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Filter Equivalence Studies

Posted by Pam Bialiy on

The following article has been authored by John Heaney. 

Filtering is a required step in processing dissolution samples as it both stops the dissolution of larger particles by separating them from the sample and removes any material that may interfere with the analysis by UV/Vis spectroscopy, HPLC, or UPLC.  There are a plethora of materials, shapes, sizes, and porosities available to choose from to ensure that a filter is appropriate for a specific method.  In many cases it’s possible to find equivalent filters from other suppliers.  However, that equivalence needs to be proven, ideally during the development of the dissolution method.

There are several advantages to determining equivalent filters, especially during the method development phase.  The first is it helps ensure that a filter will always be available to the staff for performing the tests.  Without the right filters, a QC department may grind to halt, resulting in stopped shipments as the batch cannot be fully evaluated.  The second is that it can be a cost saving measure.  Finding a less expensive, but otherwise equivalent filter can add up to large savings over the course of a few years as each dissolution test will likely use 6 to 8 for each sample point.  In some cases where different brands of dissolution testers are present, it may be necessary to perform equivalence studies in order to ensure filters that fit one brand of dissolution tester/sampler are equivalent to a different style that is used on another brand of dissolution tester/sampler.

Simply picking another filter of the same style, porosity and material from a different manufacturer is not enough to justify equivalence.  There are other tests that must be done as filter manufacturing materials and processes may be different between manufacturers.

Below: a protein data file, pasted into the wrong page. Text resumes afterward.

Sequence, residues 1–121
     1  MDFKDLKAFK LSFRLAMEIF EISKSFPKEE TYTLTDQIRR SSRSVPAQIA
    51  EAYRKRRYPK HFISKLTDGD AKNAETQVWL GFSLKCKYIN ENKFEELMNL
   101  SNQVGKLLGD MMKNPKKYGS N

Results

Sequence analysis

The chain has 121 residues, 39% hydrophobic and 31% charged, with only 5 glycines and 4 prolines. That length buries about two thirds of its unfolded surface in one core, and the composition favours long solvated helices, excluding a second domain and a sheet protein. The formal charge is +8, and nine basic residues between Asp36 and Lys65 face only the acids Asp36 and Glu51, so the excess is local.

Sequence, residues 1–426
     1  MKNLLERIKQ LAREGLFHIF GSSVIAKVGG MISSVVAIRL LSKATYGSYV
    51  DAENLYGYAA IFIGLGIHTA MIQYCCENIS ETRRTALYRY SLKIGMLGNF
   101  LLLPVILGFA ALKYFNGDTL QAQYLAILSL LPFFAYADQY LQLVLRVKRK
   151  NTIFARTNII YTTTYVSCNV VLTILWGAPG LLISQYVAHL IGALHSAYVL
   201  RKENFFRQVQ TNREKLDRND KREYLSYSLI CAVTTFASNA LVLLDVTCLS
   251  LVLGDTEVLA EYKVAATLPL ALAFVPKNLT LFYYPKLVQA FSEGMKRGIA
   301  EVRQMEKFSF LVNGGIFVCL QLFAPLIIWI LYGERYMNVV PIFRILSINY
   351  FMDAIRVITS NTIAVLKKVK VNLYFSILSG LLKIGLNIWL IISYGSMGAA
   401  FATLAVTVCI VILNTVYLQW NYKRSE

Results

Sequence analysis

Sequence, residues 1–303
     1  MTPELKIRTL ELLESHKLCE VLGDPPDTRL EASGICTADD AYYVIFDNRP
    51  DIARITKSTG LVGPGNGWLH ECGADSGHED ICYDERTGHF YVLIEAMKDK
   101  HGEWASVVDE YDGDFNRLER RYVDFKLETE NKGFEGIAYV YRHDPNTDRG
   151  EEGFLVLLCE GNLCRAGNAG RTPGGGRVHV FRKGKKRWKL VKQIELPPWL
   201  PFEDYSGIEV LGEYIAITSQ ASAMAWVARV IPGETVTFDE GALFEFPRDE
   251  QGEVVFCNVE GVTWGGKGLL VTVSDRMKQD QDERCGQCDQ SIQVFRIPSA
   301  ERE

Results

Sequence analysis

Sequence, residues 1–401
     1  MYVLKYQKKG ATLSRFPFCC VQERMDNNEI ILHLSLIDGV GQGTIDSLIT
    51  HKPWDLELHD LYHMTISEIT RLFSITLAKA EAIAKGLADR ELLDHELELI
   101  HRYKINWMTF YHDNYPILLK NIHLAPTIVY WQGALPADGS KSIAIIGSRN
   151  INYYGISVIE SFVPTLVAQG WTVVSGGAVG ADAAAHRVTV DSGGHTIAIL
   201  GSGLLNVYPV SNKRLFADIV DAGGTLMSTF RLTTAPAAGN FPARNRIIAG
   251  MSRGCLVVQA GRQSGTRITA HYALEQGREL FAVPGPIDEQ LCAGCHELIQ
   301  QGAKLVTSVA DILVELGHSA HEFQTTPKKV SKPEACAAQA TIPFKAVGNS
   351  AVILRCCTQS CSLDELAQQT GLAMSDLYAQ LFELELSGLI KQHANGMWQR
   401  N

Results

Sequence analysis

Checking to make sure the filter is sufficient to the task of filtering the samples is probably the most important step.  A simplistic test for this is to filter samples with the filter, and measure them immediately after filtering, as well as a few hours later.  If the concentration has increased significantly, then the filter is not removing all the larger particles from the sample, and some dissolution is still continuing within the vial or test tube.  It would require choosing a new filter, possibly one with a smaller pore size.  In addition, you want to make sure your samples are clean enough for analysis.  A 10 µm is typically recommended for UV/Vis, though 0.45 µm is very common.  For HPLC, 0.45 µm is a requirement and for UPLC 0.2 µm is a requirement.  Failure to filter with a sufficient pore size can at best affect the results, or at worst cause clogs or damage to the equipment used for analysis.                                  

Any filter, whether the first to be used in a method or being added as an equivalent, should be tested to ensure that the filter is not absorbing the API.  If a filter is absorbing the API, then the actual concentration in the sample is not truly known.  A simplistic way to approach this is to develop a series of standards which bracket the range of concentrations expected for the dissolution test, and then measure the standards before and after filtering.  Ideally there should be no discernable change in the concentration.  This should of course be done with multiple filters of each type in the evaluation.

Another aspect is ensuring the filter is not releasing anything into the sample that will interfere with the analysis.  The easiest approach for this is to filter clean dissolution media, and perform measurements before and after filtering.  Ideally there would be no discernable differences between the media before and after filtering.  If there is a difference, an evaluation should be performed to ensure that peaks or absorbance readings will not overlap with the API and interfere with the analysis.

Filter equivalence studies do take some extra time to perform, but in the long run they can save a lab money.  This is through direct savings by sourcing less expensive filters, and indirect savings by acting as insurance against a supplier running out of filters.

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